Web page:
After 128 years in the country, Standard Chartered Bank is leaving the Gambia. The group has announced it is exiting several operations around the world, including the tiny west African nation to cut costs.
The bank said in a statement on Thursday that it will leave Angola, Cameroon, Gambia, Jordan, Lebanon, Sierra Leone, and Zimbabwe. Standard Chartered will also close its retail banking units in Tanzania and Ivory Coast, to focus only on corporate banking.
The bank said that it had taken steps across the group “fundamentally transforming its digital capabilities in its African markets”.
The move marks a major shift for Standard Chartered, which has been among the biggest European lenders to invest in the continent in recent years at a time when peers have been withdrawing.
Standard Chartered is a market-leading financial service brand in The Gambia. The bank has been operating in The Gambia since 1894 and was the first Bank to introduce Automated Teller Machines in the Gambia, with 12 ATMs that accept VISA, Mastercard, and CUP cards within the greater Banjul area. The Bank has 4 branches and 1 Agency in prime locations in Banjul, Serrekunda, Kairaba Avenue, Basse, and Senegambia.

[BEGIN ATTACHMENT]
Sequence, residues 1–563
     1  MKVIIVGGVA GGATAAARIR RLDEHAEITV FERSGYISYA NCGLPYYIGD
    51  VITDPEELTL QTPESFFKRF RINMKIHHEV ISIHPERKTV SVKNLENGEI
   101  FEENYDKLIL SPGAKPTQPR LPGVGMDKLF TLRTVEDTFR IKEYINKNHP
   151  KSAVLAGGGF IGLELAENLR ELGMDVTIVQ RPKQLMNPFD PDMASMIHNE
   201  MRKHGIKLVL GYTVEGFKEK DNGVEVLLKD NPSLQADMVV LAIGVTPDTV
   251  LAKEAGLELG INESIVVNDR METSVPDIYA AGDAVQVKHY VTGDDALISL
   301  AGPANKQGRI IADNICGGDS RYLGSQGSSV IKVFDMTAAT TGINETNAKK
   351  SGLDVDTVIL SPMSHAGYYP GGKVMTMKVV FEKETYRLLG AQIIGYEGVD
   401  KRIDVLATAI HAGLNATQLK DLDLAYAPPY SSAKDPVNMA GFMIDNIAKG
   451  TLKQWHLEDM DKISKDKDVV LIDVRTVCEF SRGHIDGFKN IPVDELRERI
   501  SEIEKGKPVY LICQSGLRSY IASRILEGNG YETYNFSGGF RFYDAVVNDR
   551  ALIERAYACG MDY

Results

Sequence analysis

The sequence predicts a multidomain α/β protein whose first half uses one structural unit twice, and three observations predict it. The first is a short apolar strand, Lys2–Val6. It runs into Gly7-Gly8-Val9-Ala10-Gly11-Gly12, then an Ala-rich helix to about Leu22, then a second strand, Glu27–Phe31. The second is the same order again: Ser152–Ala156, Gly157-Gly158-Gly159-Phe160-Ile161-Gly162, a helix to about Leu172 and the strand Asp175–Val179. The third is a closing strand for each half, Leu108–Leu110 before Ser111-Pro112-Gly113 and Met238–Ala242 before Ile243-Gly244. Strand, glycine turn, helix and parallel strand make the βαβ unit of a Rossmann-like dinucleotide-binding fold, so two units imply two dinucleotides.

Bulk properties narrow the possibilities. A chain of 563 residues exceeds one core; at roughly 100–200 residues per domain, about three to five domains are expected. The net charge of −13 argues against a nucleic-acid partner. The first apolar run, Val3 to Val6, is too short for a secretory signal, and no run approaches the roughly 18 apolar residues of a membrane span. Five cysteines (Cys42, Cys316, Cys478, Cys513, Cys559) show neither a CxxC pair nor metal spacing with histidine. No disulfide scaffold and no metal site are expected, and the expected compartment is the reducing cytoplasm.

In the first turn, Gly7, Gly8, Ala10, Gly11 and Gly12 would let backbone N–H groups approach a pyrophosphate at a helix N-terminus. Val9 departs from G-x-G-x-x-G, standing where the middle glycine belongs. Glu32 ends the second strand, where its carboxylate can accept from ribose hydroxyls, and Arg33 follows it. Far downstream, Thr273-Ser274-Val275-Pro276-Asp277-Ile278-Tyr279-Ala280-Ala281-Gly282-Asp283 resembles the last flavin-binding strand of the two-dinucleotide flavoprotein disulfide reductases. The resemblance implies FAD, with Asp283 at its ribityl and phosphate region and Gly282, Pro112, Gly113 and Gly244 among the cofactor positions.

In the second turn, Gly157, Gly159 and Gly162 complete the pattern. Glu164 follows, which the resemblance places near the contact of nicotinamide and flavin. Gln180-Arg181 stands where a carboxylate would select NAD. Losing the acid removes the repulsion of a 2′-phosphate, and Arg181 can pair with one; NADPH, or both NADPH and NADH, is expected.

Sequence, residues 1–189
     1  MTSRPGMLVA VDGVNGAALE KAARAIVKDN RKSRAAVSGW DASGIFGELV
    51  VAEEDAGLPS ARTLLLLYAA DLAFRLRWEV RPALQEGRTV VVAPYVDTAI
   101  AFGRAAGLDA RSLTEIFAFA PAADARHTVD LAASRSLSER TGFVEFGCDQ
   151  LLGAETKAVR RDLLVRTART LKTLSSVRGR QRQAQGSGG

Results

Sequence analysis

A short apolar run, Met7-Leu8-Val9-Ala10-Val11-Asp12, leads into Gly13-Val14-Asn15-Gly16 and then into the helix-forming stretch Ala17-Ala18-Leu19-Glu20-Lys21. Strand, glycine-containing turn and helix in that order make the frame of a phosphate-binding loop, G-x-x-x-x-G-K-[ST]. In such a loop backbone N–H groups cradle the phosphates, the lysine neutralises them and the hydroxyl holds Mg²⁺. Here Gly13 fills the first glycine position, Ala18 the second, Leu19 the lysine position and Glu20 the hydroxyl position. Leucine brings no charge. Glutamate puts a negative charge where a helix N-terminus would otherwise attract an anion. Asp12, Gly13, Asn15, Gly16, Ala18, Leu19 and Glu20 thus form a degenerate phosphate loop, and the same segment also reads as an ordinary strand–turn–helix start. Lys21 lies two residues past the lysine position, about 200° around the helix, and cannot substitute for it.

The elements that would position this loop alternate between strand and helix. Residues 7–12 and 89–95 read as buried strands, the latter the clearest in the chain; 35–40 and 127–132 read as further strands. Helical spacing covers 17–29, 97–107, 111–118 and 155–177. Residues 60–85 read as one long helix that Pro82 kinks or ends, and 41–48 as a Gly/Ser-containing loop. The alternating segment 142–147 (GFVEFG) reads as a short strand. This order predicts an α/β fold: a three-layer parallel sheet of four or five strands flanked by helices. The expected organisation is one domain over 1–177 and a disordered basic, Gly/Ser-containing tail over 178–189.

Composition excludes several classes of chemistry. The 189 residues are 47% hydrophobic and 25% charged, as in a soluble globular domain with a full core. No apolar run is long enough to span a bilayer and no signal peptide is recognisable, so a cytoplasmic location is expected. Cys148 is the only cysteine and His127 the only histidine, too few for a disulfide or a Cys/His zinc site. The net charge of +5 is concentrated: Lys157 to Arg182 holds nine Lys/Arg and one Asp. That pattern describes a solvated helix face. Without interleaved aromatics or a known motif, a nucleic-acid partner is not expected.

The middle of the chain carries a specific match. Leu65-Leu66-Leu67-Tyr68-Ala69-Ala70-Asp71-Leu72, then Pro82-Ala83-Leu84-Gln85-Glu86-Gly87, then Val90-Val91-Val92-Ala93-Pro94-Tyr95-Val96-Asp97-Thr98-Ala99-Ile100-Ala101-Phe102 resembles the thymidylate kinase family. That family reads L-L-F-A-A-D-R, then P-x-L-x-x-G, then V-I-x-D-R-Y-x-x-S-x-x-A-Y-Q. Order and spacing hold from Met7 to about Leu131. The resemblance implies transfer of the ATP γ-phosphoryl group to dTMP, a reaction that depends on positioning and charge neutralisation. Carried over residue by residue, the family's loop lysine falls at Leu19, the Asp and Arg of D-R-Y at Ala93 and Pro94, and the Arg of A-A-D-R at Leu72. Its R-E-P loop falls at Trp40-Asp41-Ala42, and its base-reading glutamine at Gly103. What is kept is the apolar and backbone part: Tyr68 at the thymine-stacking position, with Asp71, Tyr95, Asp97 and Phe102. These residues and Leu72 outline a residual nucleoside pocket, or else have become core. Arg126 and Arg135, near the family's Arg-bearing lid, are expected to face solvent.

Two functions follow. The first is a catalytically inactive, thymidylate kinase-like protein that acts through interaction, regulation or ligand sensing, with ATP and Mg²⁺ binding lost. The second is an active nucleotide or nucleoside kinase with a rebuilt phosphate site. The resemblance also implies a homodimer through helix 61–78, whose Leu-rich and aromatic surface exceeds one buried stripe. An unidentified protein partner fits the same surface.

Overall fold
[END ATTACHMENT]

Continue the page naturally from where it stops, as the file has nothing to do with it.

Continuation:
Standard Chartered aspires to be the best international bank for its customers in the Gambia. The Bank has been rewarded with the Best Foreign Exchange Bank Award in 2013, 2009, 2008, and 2007 from the Global Finance and Bank of the Year Awards from the Banker in 2013, 2009, 2006, and 2009. In 2014 Standard Chartered Gambia won the Best Bank Award from Global Finance and the Banker of the year from EMEA Finance, the Bank said on its official website.
It employs over 140 people, many of whom are women. Standard Charted Gambia Ltd employees are of different nationalities among senior management.